The Bridge of Sighs

Monuments - San Marco Area


The Bridge of Sighs received its name in the 17th century, because the prisoners who passed through it on their way to the prison cells on the other side would most likely see the beautiful sight of the lagoon and the island of S.Giorgio and freedom for the last time.

However, it was only in the 19th century that it came to be called the 'Bridge of Sighs' after Lord Byron's famous reference in his poem Childe Harold's Pilgrimage "I stood in Venice on the Bridge of Sighs, a palace and prison on each hand".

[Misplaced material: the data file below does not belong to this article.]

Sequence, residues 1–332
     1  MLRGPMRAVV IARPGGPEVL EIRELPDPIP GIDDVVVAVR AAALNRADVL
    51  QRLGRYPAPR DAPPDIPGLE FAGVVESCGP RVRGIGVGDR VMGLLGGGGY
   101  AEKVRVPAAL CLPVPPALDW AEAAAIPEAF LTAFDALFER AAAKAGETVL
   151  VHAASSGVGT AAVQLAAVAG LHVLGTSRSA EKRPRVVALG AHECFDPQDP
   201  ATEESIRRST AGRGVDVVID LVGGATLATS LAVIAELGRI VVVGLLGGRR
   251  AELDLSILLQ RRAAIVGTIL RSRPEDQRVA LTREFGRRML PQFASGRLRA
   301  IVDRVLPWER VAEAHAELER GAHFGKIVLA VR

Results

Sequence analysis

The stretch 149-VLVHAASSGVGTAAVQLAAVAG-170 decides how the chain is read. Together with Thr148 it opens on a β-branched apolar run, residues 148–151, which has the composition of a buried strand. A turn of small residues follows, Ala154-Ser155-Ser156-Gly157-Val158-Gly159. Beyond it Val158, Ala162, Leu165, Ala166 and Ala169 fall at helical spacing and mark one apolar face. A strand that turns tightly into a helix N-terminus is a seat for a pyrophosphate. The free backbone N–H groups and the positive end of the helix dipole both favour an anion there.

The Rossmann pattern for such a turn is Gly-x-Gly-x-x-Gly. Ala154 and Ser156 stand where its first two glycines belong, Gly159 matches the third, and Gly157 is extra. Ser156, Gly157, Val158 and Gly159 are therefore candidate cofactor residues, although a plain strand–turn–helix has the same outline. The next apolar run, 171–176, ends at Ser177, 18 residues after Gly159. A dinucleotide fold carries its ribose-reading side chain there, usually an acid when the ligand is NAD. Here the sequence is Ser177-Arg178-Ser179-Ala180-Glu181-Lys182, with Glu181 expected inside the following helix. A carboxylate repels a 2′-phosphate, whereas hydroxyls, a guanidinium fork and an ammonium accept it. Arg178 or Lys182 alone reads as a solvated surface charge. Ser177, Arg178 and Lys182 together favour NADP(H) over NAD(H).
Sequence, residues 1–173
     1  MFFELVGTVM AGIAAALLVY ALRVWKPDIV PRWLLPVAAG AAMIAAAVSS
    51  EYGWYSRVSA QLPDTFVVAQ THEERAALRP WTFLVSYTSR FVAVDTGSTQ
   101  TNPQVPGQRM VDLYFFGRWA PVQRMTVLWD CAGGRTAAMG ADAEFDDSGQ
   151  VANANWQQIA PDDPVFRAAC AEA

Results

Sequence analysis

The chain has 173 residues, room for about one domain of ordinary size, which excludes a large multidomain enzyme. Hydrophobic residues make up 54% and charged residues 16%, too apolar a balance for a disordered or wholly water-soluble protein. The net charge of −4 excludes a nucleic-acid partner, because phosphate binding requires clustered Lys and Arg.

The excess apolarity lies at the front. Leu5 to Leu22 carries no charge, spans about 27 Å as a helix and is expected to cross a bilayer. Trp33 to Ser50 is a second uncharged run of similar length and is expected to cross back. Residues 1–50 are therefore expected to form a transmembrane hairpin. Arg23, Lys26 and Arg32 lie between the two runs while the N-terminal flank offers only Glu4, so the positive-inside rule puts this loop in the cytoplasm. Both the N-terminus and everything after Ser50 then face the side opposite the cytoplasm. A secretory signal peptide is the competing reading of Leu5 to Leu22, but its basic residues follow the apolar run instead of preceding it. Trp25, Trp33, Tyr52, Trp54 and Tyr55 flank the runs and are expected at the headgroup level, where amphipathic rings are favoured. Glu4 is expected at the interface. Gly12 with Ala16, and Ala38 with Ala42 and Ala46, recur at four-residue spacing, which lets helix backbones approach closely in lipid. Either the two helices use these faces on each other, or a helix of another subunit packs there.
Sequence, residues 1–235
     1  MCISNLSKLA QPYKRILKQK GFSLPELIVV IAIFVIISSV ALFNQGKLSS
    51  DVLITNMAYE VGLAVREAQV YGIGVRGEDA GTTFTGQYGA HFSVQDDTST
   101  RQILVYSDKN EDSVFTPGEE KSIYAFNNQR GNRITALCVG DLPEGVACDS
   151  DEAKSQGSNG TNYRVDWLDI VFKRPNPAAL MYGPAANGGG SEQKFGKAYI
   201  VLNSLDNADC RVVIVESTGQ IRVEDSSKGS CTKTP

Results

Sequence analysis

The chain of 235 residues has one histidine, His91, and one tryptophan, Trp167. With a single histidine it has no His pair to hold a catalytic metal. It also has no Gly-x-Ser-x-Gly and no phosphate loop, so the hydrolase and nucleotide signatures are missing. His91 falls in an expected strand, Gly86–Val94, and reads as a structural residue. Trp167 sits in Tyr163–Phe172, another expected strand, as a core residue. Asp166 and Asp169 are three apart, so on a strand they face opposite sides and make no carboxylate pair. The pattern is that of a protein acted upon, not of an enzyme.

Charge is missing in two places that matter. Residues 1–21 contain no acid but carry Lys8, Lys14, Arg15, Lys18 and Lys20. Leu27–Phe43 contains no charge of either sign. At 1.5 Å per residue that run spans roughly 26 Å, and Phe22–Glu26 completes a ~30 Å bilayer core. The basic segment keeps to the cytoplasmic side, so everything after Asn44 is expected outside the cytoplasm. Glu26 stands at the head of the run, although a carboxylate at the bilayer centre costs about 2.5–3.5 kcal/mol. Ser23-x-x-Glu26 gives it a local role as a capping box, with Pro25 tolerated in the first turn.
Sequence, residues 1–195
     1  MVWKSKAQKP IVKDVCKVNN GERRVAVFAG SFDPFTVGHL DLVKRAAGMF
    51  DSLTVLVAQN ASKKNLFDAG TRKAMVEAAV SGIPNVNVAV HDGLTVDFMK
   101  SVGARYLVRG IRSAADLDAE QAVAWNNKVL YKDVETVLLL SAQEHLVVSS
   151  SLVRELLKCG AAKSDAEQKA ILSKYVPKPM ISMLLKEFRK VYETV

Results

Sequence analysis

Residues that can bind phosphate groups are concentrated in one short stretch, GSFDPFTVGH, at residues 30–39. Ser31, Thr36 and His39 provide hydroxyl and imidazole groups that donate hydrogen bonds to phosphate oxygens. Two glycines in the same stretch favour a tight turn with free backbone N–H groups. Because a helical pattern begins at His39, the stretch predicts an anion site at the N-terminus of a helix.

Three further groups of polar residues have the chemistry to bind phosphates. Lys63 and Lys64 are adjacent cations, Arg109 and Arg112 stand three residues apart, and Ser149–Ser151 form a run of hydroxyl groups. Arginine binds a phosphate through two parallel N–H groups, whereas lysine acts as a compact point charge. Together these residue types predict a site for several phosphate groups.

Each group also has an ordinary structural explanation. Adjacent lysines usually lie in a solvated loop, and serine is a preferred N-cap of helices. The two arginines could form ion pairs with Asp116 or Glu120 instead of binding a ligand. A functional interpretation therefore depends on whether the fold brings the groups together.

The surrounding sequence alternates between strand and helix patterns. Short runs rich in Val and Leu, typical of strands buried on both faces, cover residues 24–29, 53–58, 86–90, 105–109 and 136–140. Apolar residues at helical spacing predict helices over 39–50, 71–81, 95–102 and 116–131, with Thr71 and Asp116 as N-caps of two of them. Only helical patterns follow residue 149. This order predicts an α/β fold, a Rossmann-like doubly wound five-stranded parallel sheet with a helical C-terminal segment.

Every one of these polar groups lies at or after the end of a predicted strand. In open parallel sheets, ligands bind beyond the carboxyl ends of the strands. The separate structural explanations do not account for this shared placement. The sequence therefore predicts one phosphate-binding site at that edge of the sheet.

In reality, the days of inquisitions and torture were over by the time the bridge was built and only small time crooks were kept in the prison cells. The prison building is older than the Doge's palace and was at one time used during the inquisition by the Church during the Middle Ages (when people were suspected of being witches or non believers and tortured).